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      Biogenesis of small RNAs in animals.

      Small RNAs of 20-30 nucleotides can target both chromatin and transcripts, and thereby keep both the genome and the transcriptome under extensive surveillance. Recent progress in high-throughput sequencing has uncovered an astounding landscape of small RNAs in eukaryotic cells. Various small RNAs of distinctive characteristics have been found and can be classified into three classes based on their biogenesis mechanism and the type of Argonaute protein that they are associated with: microRNAs (miRNAs), endogenous small interfering RNAs (endo-siRNAs or esiRNAs) and Piwi-interacting RNAs (piRNAs). This Review summarizes our current knowledge of how these intriguing molecules are generated in animal cells.
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        The Listeria transcriptional landscape from saprophytism to virulence.

        The bacterium Listeria monocytogenes is ubiquitous in the environment and can lead to severe food-borne infections. It has recently emerged as a multifaceted model in pathogenesis. However, how this bacterium switches from a saprophyte to a pathogen is largely unknown. Here, using tiling arrays and RNAs from wild-type and mutant bacteria grown in vitro, ex vivo and in vivo, we have analysed the transcription of its entire genome. We provide the complete Listeria operon map and have uncovered far more diverse types of RNAs than expected: in addition to 50 small RNAs (<500 nucleotides), at least two of which are involved in virulence in mice, we have identified antisense RNAs covering several open-reading frames and long overlapping 5' and 3' untranslated regions. We discovered that riboswitches can act as terminators for upstream genes. When Listeria reaches the host intestinal lumen, an extensive transcriptional reshaping occurs with a SigB-mediated activation of virulence genes. In contrast, in the blood, PrfA controls transcription of virulence genes. Remarkably, several non-coding RNAs absent in the non-pathogenic species Listeria innocua exhibit the same expression patterns as the virulence genes. Together, our data unravel successive and coordinated global transcriptional changes during infection and point to previously unknown regulatory mechanisms in bacteria.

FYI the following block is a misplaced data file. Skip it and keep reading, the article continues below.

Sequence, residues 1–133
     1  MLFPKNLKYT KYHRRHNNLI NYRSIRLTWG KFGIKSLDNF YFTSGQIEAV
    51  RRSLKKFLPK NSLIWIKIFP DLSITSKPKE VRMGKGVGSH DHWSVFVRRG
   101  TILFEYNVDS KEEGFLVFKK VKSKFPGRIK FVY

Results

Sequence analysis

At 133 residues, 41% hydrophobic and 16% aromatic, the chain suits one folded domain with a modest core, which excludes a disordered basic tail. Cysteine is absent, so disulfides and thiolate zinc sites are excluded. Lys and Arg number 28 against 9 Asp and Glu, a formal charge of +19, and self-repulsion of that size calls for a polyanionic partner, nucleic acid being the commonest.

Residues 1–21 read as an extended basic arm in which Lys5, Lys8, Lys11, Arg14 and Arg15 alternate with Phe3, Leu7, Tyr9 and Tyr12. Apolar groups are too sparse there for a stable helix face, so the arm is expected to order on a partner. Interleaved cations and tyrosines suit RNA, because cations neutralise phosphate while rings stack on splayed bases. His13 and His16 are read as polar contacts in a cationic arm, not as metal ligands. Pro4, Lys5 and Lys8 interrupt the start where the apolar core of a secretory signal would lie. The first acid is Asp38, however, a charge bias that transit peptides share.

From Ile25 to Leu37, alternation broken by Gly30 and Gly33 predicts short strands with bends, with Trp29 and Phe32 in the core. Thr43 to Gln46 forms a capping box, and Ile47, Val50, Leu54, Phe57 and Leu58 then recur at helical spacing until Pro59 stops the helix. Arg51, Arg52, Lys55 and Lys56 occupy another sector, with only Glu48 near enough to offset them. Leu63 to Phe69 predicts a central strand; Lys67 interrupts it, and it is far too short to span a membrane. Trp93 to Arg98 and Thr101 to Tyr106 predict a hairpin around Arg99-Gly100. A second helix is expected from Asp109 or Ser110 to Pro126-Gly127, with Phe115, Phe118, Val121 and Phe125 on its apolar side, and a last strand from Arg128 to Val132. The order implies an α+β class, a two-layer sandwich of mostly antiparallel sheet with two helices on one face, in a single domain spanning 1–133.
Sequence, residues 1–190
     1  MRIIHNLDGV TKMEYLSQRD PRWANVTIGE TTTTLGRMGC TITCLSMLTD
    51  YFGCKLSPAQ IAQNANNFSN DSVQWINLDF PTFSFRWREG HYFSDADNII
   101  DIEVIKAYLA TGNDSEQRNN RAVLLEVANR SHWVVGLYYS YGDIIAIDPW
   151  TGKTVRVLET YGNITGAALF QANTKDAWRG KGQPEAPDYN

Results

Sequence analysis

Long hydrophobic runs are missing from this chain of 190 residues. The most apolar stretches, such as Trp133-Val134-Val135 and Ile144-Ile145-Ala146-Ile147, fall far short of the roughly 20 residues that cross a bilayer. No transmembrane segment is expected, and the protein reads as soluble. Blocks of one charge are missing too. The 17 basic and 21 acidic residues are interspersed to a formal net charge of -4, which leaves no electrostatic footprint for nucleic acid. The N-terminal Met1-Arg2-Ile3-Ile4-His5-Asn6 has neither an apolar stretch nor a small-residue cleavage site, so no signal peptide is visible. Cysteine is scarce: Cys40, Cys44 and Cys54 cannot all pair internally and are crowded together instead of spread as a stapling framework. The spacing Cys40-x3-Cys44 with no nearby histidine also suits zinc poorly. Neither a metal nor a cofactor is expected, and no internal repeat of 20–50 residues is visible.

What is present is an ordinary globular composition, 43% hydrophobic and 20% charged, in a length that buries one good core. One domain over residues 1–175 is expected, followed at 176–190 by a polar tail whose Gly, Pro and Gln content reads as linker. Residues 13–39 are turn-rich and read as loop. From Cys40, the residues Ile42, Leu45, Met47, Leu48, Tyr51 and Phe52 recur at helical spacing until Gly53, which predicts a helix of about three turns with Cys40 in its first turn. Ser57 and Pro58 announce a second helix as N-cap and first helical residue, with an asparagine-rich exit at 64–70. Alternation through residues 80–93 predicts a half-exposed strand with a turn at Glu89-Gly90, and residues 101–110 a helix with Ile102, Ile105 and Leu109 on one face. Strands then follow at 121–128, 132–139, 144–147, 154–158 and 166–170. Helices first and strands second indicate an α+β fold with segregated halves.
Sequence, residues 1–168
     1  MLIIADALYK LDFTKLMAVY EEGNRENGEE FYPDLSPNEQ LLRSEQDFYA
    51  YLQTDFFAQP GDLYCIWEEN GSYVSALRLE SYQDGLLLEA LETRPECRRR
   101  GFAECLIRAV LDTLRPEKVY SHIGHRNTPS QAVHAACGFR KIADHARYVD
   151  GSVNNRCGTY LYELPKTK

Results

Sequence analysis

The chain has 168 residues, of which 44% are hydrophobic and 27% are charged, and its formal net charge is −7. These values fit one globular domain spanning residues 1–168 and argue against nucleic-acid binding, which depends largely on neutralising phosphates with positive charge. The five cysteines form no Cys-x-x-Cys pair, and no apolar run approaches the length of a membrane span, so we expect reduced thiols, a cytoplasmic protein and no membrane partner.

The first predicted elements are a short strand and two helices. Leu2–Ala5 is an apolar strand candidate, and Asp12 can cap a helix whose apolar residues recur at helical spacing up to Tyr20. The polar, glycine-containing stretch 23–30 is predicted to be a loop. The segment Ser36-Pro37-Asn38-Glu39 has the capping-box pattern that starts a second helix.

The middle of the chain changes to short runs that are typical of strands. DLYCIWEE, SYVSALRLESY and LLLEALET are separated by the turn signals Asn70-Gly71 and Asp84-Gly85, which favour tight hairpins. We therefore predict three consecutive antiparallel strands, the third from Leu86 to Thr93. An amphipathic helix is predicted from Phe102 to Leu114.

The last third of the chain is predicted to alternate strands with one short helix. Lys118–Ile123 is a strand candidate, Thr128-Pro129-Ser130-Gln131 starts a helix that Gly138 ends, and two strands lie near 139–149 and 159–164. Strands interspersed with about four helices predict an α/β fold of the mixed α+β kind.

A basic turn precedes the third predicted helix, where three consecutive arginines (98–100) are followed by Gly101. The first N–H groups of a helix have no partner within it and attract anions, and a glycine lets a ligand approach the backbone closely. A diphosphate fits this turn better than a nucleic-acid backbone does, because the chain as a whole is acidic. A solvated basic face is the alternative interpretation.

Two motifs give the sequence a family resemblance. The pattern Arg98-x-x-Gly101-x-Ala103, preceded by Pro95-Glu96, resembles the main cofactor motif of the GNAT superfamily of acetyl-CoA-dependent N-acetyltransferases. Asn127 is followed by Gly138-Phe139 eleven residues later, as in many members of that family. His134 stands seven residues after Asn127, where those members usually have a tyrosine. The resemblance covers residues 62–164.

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          Deep Sequencing Analysis of Small Noncoding RNA and mRNA Targets of the Global Post-Transcriptional Regulator, Hfq